“This is the question you will have to answer for yourself and probably in several medical school interviews. ‘Why a physician? Why not a nurse? Why not a P.A. (physician’s assistant)?’”
I have mentored several students who are in the process of applying or have successfully been accepted to medical school. I inform them that the answer they give to the question above is critical to understanding their true motives for pursuing a medical degree. What about me?
Before I applied to medical school, I pondered this question. Compassion for patients? Physicians do not have the monopoly for empathy. I know of many nurses whose compassion for their patients helped them to pull through their disease. Need to be able to make independent decisions? P.A.’s and nurses have considerable autonomy and may have to make a split second decision at the bedside of an ill patient that may mean the difference between life and death. Financial reward? Prestige? Job Security? All of these can be found at an equal level with many other health care professionals.
My answer focuses upon the thousands of hours of classes leading to matriculation from medical school. The courses I took in preparation prepared me, not only to become a physician, but to be a problem solver. It gave me knowledge and the tools to innovate new solutions to problems and diseases that go beyond simply diagnosing a disease and prescribing a treatment. The training for the other professionals does not go into the same detail that a physician must master. It allows me to understand the mechanisms and anticipate potential side effects for the novel RNA vaccines for COVID-19. It allows me to set up research protocols to investigate additional uses for medications that are currently being used to treat diseases. It allows me to intelligently address ethical concerns that new technologies such as CRISPR bring.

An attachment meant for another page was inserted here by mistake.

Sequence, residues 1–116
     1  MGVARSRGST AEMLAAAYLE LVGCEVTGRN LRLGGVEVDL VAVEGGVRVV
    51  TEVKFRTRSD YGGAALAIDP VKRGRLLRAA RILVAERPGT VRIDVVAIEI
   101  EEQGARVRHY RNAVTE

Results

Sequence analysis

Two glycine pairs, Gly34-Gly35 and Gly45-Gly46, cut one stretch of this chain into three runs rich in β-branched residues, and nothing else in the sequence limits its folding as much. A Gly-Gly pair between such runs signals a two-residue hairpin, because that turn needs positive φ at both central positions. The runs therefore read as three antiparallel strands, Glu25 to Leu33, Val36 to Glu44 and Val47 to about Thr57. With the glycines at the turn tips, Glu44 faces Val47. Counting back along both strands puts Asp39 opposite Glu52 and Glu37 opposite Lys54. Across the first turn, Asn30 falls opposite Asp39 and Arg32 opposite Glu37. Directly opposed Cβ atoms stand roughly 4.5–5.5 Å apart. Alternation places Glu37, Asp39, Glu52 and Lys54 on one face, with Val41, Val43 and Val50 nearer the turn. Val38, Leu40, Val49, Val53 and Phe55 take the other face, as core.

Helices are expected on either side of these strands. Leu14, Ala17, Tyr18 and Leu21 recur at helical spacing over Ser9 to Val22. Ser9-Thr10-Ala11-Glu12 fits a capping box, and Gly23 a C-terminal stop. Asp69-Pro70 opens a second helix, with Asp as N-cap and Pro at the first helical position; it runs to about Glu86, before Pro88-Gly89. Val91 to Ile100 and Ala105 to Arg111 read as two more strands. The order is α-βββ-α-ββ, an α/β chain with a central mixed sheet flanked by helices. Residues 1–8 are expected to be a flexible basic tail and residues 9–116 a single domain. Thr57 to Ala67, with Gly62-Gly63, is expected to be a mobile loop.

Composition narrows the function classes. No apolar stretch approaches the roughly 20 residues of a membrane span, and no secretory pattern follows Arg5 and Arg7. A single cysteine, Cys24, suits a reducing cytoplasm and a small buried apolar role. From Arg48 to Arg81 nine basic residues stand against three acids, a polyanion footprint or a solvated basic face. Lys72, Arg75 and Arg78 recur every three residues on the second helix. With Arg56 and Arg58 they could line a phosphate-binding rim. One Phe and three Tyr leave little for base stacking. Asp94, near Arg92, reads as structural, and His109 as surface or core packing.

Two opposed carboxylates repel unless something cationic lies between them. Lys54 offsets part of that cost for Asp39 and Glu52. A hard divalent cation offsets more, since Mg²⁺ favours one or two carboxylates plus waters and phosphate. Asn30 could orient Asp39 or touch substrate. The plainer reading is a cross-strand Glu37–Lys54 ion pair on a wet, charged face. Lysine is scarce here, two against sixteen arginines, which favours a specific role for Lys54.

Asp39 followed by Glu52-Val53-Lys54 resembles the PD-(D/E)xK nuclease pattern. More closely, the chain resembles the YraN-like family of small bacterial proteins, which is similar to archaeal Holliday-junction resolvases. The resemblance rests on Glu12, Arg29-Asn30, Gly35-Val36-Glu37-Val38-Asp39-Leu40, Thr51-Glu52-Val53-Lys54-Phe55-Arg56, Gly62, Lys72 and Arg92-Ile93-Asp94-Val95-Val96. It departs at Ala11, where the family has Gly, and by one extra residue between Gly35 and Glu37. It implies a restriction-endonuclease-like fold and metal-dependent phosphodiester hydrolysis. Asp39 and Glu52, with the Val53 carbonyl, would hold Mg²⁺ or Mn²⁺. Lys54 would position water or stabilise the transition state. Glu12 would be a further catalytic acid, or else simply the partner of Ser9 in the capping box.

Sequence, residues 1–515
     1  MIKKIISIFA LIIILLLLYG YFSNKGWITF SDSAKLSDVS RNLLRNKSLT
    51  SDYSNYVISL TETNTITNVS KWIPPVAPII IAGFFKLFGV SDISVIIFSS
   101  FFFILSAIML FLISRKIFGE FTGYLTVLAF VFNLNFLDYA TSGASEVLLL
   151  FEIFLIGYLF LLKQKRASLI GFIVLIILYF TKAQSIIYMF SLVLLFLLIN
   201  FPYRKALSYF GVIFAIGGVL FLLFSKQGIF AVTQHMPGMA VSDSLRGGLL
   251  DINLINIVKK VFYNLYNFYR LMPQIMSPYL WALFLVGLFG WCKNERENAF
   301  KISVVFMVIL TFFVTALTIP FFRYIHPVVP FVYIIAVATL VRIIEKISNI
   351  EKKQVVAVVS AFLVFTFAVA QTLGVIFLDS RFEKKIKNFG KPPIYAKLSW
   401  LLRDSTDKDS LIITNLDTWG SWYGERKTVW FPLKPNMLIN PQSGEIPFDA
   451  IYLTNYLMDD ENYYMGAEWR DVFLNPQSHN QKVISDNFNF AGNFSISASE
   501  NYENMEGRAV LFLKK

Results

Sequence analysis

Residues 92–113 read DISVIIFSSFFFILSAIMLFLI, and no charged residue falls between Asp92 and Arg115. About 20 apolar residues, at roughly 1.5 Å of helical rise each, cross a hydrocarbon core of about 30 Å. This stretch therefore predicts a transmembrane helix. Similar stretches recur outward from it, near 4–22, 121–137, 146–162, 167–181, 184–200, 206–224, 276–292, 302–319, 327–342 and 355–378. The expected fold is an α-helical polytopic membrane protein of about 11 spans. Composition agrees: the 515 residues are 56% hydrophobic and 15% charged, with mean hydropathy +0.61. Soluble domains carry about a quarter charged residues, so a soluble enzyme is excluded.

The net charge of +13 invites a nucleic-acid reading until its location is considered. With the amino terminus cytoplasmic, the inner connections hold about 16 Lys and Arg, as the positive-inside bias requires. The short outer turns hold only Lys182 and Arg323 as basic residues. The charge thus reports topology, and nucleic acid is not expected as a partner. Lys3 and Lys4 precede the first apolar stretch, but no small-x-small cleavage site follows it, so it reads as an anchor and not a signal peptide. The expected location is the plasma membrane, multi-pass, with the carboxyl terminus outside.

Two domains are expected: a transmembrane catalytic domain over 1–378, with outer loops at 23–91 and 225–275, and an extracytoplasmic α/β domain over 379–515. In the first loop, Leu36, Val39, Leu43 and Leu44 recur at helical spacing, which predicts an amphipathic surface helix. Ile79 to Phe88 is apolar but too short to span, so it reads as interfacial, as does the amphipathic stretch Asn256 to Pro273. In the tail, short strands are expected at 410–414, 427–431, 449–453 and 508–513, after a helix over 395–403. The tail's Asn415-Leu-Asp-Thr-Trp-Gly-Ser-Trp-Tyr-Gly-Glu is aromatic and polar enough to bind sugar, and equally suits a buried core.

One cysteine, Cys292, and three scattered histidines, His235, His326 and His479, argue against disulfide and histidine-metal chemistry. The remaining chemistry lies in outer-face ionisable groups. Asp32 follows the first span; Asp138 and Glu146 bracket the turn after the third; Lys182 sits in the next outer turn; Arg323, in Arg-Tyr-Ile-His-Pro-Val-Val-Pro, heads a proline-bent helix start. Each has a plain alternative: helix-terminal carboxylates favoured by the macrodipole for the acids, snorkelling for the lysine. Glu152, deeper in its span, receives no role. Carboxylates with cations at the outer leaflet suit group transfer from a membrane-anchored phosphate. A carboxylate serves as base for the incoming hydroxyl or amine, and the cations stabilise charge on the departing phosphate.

There is one more reason. The precision of the cellular process organizing to form organs resulting in a living person is staggering. My medical training has enabled me to appreciate the complexity of the human body in ways that few other healthcare professionals can approach. Each day I practice medicine further impresses upon me that man is not a random series of evolutionary events but a purposeful design.
By faith we understand that the universe was created by the word of God, so that what is seen was made from things that are not visible.
Hebrews 11:3 (CSB)
Why a physician?
As a physician, God has enabled me to see with greater depth and understanding the masterpiece of our living bodies.
Love and trust the Lord; seek His will in your life.